by Elizabeth Theriault
Vermonters often characterize themselves with traits such as resilience, independence, and self reliance. Maybe it has something to do with feeling a little more removed from the rest of the country or that it just gets so darn cold up here our skin is a little tougher. I don’t have any science to prove this theory but either way it seems fitting that Vermont is leading the rest of the country in a movement towards communities developing more sustainable and self reliant food systems.
Building a robust and healthy food system involves creating a new kind of infrastructure that supports Vermont agricultural by promoting and developing local food marketing, aggregation and distribution systems, also known as a “Food Hub”. A common challenge for farmers is how to best get their food product from the farm to the marketplace. Economic challenges such as lack of capital to own a truck, refrigeration system and warehouse storage present a serious challenge for small to mid-scale farmers when trying to access and sell to larger markets. A food hub in many cases is designed to provide farmers with that infrastructure to sell their product to larger and wider markets by providing the infrastructure without requiring the initial financial investment from the farmer.
The USDA describes a food hub as “building stronger infrastructure for small and medium size producers.” This can take many forms. Food hubs around the country and Vermont may take the form of a website that allows buyers and sellers to exchange products on-line. In other cases a food hub works as an actual physical space to store, ship and process produce. Vermont has several examples of food hubs around the state that have taken a variety of forms but all share a common goal or purpose.
Mad River food hub located in Waitsfield, Vermont provides a fully equipped licensed veggie and USDA approved meat processing facility that allows small scale food producers to rent the space for their own unique production needs. The facility was designed with exactly this purpose in mind, to support small scale food producers who needed an affordable place that would allow them to grow their business over time.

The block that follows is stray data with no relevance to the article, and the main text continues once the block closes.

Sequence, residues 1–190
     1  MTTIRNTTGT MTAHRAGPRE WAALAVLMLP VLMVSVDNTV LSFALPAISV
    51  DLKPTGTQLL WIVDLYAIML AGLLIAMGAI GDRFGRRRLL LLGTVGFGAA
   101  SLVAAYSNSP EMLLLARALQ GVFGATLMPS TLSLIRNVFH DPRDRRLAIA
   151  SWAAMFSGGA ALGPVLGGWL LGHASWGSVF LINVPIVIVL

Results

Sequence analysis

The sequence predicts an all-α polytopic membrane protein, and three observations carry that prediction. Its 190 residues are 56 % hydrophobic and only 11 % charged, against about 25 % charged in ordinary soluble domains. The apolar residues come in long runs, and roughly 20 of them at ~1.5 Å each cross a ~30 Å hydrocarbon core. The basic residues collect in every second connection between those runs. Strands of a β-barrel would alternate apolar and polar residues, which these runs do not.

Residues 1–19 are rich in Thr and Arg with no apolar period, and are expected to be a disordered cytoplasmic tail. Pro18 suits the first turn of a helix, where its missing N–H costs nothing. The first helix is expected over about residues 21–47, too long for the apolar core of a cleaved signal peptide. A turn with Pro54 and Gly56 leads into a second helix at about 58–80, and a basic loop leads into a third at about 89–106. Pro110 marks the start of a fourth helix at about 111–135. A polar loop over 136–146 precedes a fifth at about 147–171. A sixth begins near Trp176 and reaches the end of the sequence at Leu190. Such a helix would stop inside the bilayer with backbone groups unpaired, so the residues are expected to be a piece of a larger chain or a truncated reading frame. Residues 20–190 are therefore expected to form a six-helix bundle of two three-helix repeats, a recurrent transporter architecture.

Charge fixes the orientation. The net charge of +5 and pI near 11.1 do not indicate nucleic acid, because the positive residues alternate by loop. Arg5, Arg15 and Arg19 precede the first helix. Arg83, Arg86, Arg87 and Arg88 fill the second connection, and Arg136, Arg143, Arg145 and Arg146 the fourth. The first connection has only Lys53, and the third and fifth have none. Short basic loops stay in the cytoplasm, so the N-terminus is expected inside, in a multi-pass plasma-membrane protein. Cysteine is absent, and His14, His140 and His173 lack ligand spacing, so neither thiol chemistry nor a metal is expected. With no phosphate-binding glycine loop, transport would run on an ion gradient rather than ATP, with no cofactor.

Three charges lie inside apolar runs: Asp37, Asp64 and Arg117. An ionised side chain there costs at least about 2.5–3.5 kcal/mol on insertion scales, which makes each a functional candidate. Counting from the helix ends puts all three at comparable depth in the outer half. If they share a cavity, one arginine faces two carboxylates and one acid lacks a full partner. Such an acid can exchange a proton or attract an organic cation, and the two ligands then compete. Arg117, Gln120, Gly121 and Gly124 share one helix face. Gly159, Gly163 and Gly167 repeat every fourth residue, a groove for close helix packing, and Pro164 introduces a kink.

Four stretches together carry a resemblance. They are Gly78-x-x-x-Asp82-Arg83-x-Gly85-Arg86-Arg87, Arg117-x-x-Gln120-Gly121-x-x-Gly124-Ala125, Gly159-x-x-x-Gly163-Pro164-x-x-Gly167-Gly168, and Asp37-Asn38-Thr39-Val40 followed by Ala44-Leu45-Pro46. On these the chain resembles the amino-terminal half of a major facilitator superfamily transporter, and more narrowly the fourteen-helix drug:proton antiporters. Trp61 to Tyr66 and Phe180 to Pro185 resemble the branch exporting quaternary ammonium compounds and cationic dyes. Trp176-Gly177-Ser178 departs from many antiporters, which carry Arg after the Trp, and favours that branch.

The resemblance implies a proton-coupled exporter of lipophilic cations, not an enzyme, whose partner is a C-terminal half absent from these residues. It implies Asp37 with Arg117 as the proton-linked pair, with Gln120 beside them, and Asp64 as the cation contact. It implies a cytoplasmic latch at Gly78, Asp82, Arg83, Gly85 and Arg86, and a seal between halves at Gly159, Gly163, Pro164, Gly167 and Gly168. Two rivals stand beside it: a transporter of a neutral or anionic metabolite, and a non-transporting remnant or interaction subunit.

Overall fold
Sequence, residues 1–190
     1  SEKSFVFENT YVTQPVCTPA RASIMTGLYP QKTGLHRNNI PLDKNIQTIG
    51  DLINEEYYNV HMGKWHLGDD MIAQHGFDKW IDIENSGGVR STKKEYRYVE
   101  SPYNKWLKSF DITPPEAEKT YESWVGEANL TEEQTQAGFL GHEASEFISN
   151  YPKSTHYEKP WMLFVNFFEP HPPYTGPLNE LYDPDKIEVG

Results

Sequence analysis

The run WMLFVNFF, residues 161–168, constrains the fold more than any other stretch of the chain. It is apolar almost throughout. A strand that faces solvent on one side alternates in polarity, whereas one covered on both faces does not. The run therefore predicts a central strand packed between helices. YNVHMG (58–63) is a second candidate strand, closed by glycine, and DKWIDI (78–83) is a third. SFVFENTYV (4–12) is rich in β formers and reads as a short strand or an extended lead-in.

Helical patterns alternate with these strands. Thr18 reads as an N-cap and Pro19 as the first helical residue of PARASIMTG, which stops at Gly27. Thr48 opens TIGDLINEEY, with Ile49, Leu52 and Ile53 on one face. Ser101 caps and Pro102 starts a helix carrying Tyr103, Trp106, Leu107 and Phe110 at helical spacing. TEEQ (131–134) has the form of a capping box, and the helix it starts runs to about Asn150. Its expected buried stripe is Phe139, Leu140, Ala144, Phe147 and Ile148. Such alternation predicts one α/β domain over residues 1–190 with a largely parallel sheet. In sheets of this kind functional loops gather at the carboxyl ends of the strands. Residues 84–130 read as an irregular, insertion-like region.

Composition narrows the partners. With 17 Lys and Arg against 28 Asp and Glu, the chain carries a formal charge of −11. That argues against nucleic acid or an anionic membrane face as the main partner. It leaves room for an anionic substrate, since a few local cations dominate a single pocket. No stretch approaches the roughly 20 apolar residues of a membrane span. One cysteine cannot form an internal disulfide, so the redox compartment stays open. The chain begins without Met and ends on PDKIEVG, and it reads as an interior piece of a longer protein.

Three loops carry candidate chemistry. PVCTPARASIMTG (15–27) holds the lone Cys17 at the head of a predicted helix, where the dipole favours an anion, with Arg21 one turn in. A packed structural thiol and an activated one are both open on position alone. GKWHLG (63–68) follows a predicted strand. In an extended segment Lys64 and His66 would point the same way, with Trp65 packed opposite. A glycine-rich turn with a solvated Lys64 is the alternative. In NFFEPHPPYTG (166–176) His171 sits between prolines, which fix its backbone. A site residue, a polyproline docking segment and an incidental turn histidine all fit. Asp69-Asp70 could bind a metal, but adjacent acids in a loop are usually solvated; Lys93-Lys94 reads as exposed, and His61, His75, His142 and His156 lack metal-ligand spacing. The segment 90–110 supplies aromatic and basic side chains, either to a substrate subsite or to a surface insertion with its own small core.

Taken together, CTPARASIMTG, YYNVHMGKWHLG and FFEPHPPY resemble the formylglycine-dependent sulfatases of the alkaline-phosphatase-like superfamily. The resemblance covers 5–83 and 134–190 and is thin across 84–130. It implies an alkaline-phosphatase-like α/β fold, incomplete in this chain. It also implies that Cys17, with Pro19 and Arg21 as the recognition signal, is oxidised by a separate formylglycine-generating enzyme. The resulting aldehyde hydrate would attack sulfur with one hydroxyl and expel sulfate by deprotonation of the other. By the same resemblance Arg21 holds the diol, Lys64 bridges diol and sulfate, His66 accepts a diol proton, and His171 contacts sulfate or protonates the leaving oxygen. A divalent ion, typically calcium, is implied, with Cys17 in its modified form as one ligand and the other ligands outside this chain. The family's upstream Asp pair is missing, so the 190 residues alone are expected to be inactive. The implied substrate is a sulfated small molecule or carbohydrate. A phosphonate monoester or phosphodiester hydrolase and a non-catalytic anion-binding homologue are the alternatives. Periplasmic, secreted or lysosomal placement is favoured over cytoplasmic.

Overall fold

Intervale Food Hub in Burlington, Vermont is another example of a physical type of food hub but acts as a larger community supported agricultural model where they aggregate food from an array of farms and distribute the food to whole sale buyers including retailers, restaurants, and institutions. Intervale Food Hub serves as the facilitator between individuals and business.
In Hardwick, Vermont you can find the Vermont Food Venture Center that follows a similar model to Mad River Food Hub in acting as an incubator kitchen for value added specialty producers providing them with a commercial facility to process their products at a reasonable price by sharing the costs of the facility.
Then in our own back yard we have two examples of what a food hub can look like. RAFFL has been working for 8 years on connecting farmers with consumers and strengthening our food system. Although RAFFL does not have a physical location for housing and distributing produce we often work as a broker between farmers and consumers. One example of this is our farm to work community supported agriculture (CSA) program to help farmers distribute their produce to larger institutions and business in the Rutland County.
The newest addition is the Vermont Farmers Food Center that just opened two weeks ago in Rutland, acting as the new home for the winter farmers market. The Food Center is working in collaboration with Vermont’s Farmers Market and the Vermont Food Bank and plans to operate as a physical food hub in the Rutland region providing storage and refrigeration for produce, a processing facility, and educational classes.
Although each “food hub” may have a slight different appearance either on a website or in a warehouse or office they all share a common language, passion and goal. Food hubs are about community sustainability, providing convenient and equal access to high quality food while securing future markets for farmers and making agriculture a more viable business. Food Hub foundations are in independence, self reliance, and resiliency and promise to strengthen and secure the future of our health through our food supply in Vermont. Visit your local food hub or find out more about them on-line:
Originally published in the Rutland Herald.